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Saturday Family Sessions

Saturday sessions for Families with Children with Autism

Our family sessions focus on the interaction and communication that occurs between the child with autism and the horse as well as between the child and session leader, and child and family members. The opportunities to interact with the horses are provided through meeting the herd in the field, sensory exploration, brushing, feeding and leading as well as in games and activities when riding.

With younger children we also use singing: familiar action songs and made-up 'commentary songs' where we sing about what the child is doing, looking at or listening to, in time to the horse's movement. This helps to focus and engage the child and provides repeated, structured language. Some children do prefer to experience and focus on the movement and rhythm of riding without any additional input.

Research has shown that being with horses, and horse-riding, has the potential to benefit children with autism in many areas including verbal and non-verbal communication, social interaction, motivation and attention. It also improves motor skills, assists sensory integration, increases confidence and has a calming effect, as well as being a fun and healthy physical activity!

The sessions are not riding lessons, but are aimed at encouraging learning, communication and relaxation through interactions with the horses, family or group members and staff. The principles we use are based on activities from EAQ® (www.equineassistedqualifications.com), methods from The Horse Boy™ and strategies learned over more than 15 years of working with children with autism in a specialist school.

Do not expect your child to be ready for all the activities on the first session...it may take time for them to get used to the new sights, sounds and smells. It is not unusual to take several sessions before they will approach the horses. There is still a lot they will get out of being around the horses and in the outside environment.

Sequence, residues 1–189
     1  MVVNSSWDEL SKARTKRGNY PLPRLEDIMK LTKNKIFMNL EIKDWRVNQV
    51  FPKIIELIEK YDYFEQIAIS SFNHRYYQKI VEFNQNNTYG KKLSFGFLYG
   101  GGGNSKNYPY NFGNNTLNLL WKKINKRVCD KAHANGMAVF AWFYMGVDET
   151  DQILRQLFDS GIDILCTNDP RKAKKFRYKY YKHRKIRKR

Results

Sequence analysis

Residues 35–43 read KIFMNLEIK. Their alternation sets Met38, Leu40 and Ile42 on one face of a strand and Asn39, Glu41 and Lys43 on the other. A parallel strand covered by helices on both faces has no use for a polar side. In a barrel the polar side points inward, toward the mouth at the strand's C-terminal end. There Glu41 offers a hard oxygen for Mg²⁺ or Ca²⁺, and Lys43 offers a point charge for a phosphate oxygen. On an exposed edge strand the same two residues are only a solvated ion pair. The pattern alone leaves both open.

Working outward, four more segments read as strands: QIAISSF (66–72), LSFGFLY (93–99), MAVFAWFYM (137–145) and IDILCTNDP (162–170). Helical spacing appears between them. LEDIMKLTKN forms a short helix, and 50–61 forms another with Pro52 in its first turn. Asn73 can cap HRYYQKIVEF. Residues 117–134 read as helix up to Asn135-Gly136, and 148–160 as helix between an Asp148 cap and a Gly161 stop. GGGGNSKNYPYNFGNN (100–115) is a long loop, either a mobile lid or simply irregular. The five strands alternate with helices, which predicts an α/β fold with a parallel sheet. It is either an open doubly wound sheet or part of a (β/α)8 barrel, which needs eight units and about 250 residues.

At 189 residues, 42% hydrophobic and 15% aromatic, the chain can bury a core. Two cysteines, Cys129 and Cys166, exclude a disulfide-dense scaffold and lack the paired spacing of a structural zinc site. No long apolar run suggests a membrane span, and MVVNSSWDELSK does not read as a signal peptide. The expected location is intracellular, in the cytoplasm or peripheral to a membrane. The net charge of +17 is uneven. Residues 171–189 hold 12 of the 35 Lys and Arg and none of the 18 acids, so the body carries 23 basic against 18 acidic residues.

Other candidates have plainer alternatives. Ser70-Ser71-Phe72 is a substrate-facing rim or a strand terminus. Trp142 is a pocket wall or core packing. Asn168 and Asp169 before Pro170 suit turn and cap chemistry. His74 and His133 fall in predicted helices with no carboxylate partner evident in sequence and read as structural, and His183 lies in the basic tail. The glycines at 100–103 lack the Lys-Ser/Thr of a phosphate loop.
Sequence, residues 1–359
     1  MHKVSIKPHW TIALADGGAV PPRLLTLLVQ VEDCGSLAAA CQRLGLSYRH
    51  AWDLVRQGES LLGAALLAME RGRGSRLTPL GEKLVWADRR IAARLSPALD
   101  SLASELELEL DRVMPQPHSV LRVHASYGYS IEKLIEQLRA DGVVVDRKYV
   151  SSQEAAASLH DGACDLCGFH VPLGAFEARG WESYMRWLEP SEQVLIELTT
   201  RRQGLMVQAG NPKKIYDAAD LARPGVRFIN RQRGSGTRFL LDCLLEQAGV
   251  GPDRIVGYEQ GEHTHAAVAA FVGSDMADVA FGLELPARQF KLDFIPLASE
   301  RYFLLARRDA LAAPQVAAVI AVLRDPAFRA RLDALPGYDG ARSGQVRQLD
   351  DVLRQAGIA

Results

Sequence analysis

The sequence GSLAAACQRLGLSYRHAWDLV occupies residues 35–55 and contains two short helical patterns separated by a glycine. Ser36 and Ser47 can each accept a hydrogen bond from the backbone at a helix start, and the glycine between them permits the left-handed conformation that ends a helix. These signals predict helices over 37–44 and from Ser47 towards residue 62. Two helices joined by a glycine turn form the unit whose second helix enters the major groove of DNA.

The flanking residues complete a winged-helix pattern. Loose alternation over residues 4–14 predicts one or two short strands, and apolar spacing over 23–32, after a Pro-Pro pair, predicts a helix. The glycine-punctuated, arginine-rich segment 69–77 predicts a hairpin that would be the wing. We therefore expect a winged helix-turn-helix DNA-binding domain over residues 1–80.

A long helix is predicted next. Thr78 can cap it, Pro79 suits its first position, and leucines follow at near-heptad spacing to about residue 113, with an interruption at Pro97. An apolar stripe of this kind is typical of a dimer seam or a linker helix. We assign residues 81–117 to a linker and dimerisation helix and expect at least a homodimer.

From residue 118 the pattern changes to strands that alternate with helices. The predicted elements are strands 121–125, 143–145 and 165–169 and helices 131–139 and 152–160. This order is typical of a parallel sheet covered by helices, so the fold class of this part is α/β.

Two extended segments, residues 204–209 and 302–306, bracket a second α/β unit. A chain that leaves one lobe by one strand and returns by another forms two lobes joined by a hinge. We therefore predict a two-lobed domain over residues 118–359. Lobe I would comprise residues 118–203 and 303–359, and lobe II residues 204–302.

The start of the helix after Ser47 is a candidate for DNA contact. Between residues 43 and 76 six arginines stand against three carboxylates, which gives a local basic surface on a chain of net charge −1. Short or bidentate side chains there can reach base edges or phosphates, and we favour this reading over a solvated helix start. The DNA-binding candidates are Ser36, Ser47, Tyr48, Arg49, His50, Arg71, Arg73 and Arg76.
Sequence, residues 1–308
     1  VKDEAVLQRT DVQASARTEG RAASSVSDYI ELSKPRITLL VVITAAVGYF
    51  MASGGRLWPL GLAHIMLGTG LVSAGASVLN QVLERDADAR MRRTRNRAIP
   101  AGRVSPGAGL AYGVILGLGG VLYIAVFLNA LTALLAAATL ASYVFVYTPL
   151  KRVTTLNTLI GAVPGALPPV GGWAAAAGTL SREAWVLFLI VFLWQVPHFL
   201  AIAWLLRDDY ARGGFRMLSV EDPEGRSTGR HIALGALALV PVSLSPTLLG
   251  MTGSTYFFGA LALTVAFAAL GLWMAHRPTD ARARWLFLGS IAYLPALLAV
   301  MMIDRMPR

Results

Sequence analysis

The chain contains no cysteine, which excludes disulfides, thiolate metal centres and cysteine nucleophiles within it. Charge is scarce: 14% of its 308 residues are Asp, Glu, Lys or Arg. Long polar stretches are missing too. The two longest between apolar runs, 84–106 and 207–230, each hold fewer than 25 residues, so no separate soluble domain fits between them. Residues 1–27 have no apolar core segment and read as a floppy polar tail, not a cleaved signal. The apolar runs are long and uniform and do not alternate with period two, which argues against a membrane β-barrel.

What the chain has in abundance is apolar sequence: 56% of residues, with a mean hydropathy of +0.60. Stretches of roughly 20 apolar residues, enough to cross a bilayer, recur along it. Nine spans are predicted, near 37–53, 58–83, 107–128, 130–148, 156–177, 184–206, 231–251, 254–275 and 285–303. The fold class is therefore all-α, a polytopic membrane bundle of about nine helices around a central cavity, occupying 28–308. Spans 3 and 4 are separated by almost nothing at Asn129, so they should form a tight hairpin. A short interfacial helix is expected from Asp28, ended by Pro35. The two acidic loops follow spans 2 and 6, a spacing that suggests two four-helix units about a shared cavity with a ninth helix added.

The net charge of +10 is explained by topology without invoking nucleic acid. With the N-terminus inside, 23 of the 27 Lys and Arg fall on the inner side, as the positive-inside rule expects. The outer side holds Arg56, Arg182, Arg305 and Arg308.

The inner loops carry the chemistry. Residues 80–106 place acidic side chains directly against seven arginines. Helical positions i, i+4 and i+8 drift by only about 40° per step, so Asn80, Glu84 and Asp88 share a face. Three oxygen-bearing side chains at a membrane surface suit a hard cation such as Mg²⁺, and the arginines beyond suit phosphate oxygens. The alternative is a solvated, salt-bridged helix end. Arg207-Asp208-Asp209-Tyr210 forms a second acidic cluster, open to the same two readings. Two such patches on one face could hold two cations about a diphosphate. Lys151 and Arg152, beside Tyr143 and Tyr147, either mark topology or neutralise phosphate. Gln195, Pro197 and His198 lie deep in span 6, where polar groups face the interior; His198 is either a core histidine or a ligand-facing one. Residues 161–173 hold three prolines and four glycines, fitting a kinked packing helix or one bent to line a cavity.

The first part of the session is 'saying hello' to the horses, approaching them in the field or the enclosed schooling area. The child can do this in their own time as it is important that they are not rushed. Parents, grandparents, carers and brothers and sisters are encouraged to join in.

When the child has met the horses we will take time for sensory exploration of the horse. Some children may find it difficult to touch parts of the horse but we have grooming brushes and gloves to enable them to explore without touching.

After exploring from the ground we may invite the child to sit on the horse bareback and discover how it feels to sit and lie on the horse's back. We would encourage parents, carers and siblings to try this too...both so that they can share the experience (which can be a powerful one) with the child and as a model for the child to show them what they can do.

For some children riding is an important part of the session although there are plenty of activities to do with the horses on the ground. We have an extra large western saddle to allow an adult to ride with the child but children over 10 years will be led whilst seated on the saddle on their own.

We have a variety of coloured buckets, balls and hoops that can be used in games involving naming colours and making choices if appropriate for the child. We have cones around the schooling area and can put up pictures relating to your child's particular interests (for example cbeebies characters or numbers) to motivate them and encourage language and making choices.